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An exploratory review of investments by development actors in health workforce programmes and job creation

Tijdschriftbijdrage - Review Artikel

The World Health Organization’s Global Strategy on Human Resources for Health: Workforce 2030 identified a projected shortfall of 18 million health workers by 2030, primarily in low- and middle-income countries. The need for investment was re-enforced by the 2016 report and recommendations of the United Nations High-Level Commission on Health Employment and Economic Growth. This exploratory policy tracing study has as objective to map and analyse investments by bilateral, multilateral and other development actors in human resources for health actions, programmes and health jobs more broadly since 2016. This analysis will contribute to the accountability of global human resources for health actions and its commitment by the international community. It provides insights in gaps, priorities and future policies’ needs. The study follows an exploratory rapid review methodology, mapping and analysing the actions of four categories of development actors in implementing the ten recommendations of the United Nations High-Level Commission on Health Employment and Economic Growth. These four categories of actors include (A) bilateral agencies, (B) multilateral initiatives, (C) international financial institutions and (D) non-state actors. Analysing the data generated via this review, three trends can be observed. Firstly, while a broad range of human resources for health actions and outputs have been identified, data on programme outcomes and especially on their impacts are limited. Secondly, many of the programmatic human resources for health actions, often funded via bilateral or philanthropic grants and implemented by non-governmental organisations, seemed to be rather short-term in nature, focusing on in-service training, health security, technical and service delivery needs. Despite the strategic guidance and norms developed by multilateral initiatives, such as the International Labour Organization–Organisation for Economic Co-operation and Development–World Health Organization Working for Health programme, has it been for several development projects difficult to assess how their activities actually contributed to national human resources for health strategic development and health system reforms. Lastly, governance, monitoring and accountability between development actors and across the policy recommendations from the United Nations High-Level Commission on Health Employment and Economic Growth could be improved. There has been limited actionable progress made for the enablers required to transform the workforce, including in the domain of generating fiscal space for health that would strengthen jobs in the health sector, the development of health workforce partnerships and its global agenda, and the governance of international health workforce migration. In conclusion, one can observe that global health workforce needs are much recognised, especially given the impact of the Covid-19 pandemic. However, 20 years after the Joint Learning Initiative on Human Resources for Health, there is still an urgent need to take shared responsibility for international cooperative action for overcoming and addressing persistent underinvestment in the health workforce. Specific policy recommendations are provided to this end.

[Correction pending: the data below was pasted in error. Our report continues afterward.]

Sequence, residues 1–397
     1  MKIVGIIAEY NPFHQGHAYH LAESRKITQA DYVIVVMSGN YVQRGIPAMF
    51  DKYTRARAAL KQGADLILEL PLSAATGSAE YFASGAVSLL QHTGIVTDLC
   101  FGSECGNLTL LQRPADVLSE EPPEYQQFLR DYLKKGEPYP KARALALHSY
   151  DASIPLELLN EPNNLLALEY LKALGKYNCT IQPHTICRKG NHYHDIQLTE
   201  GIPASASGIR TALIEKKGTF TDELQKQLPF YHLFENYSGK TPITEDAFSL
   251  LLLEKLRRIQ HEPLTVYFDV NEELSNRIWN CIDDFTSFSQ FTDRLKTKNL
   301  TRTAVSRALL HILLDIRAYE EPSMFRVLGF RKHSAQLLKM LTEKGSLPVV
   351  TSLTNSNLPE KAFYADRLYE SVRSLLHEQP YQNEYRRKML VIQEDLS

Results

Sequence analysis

Tijdschrift: Human Resources for Health
ISSN: 1478-4491
Volume: 21
Jaar van publicatie:2023
Trefwoorden:Covid-19, Development cooperation, Economic growth, Fiscal space, Global strategy, Governance, Health employment, Health workforce, Investment, World Health Organization